I Was Wrong. Frankie Valli Is One Of The Greats

By John Schauer

Frankie—to my parents’ generation, that meant “Sinatra.” To my generation, it meant “Valli & the Four Seasons.” Although as with so many other things in life, I was a bit late in coming to this party.

During my first two years of high school (we’re talking the early ’60s) I was pretty much a classical music snob. The early-’50s rock I had heard as a child seemed to me then (and still seems to me now) to be musically simplistic—only a few chords over repetitive rhythms. I remember one day in my Latin class when two of my classmates—a cheerleader and the class clown—had been talking about hit records of the day before the instructor arrived. Suddenly they both broke out into “Walk Like a Man.” I didn’t know the song, much less the group that had recorded it: The Four Seasons, for whom it was their second number-one hit. My friends’ rendition struck me as rather absurd; if you’re going to be all macho and “Walk Like a Man,” why would you sing in high falsetto?

It was only later that I came to appreciate that falsetto, a trademark technique of the Four Seasons’ lead singer, Frankie Valli, whose growing renown eventually led to the group being billed as “Frankie Valli & The Four Seasons.” And with good reason. Valli, I have become convinced, possesses one of the most phenomenal voices in the history of popular music.

Mind you, I’m talking here not just about his superb musicianship—there have been many fantastic singers in the realms of rock and pop, stars who can thrill you and knock you out of your seat—but specifically about his vocal instrument. To qualify as a truly great voice, in my opinion, its sound must be distinctive enough to be instantly recognizable, but also sensuously alluring to the point that alone it can generate excitement. There have not been all that many, by my count. Dusty Springfield and Johnny Mathis are among the first to spring to mind, and Frankie Valli is right up there with them.

Valli’s sound defined the entire group, throughout a string of half a hundred hits. The Four Seasons without Frankie Valli would be like Big Brother & the Holding Company without Janis Joplin. What finally engraved Valli’s vocal royalty in granite, however, was his single “I Can’t Take My Eyes Off of You.” It flooded the airwaves, and I didn’t know anyone at the time it came out who wasn’t absolutely crazy about it. And it prompted me to go back and reevaluate Valli’s earliest hits with the Four Seasons. By this time, my musical mind was more open and, consequently, completely blown.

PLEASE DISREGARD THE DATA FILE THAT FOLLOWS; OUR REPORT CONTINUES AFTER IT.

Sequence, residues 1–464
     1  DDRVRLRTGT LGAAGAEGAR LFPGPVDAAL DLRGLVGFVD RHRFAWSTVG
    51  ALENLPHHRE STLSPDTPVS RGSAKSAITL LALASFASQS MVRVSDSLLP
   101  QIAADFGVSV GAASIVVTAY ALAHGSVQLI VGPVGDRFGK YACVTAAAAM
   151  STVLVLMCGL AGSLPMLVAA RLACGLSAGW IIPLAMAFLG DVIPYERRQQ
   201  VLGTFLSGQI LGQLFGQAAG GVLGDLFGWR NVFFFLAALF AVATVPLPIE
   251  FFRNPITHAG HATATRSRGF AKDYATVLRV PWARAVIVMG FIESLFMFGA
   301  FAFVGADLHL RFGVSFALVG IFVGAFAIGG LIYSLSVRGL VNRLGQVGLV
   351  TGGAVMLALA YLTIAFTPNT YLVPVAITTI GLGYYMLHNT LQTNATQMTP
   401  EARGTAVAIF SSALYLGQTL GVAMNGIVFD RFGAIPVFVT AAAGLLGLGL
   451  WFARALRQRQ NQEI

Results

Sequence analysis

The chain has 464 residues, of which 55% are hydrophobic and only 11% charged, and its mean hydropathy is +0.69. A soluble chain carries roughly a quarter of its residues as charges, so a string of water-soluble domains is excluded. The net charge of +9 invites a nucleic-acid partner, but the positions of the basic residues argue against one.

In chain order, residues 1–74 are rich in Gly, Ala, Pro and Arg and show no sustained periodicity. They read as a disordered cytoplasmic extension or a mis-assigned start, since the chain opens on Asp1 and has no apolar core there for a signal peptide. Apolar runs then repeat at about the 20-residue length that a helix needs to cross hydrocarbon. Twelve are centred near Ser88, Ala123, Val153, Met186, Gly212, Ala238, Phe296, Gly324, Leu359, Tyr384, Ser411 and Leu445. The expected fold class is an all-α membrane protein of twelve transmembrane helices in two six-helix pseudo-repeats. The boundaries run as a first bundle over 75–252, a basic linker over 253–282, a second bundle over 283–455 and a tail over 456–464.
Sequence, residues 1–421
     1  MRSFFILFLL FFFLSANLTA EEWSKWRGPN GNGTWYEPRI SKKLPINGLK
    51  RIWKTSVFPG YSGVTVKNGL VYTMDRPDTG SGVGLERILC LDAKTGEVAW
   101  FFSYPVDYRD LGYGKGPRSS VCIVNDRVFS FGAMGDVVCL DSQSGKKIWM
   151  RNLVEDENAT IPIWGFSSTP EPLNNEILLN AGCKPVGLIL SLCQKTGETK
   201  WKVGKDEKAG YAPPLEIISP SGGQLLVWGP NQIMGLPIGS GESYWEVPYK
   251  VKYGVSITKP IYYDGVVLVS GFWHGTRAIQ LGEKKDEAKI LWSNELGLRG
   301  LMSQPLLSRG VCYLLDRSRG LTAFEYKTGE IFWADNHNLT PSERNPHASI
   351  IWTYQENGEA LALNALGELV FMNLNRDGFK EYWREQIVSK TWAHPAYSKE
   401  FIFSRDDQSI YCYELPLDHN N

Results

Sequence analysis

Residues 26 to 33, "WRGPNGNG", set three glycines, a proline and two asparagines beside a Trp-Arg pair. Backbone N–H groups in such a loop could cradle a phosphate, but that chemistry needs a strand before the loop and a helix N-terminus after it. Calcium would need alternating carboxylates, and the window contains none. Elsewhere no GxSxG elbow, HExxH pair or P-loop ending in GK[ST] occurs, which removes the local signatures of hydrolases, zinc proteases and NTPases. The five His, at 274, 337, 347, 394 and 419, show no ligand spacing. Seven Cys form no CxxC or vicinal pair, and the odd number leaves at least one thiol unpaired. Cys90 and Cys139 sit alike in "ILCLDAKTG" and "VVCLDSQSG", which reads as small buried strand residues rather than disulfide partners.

When Billy Joel paid tribute to the unique sound of Frankie Valli & the Four Seasons with his 1983 hit “Uptown Girl,” the homage to the original group’s style was so on point it made me run out and buy Joel’s recording. Perhaps surprisingly, I never was able to get through the film made of the stage hit Jersey Boys, which is about Valli’s early days in the music industry and the formation of the group. I’m not terribly interested in hearing someone else who kind of sounds like Frankie Valli, or even someone who sounds very much like Frankie Valli. Why not go back to the source? Those original Four Seasons recordings have never gone out of my personal playlist.

So maybe it’s time for me to admit publicly to those students from my high school Latin class: I was wrong. And Frankie Valli is one of the greats.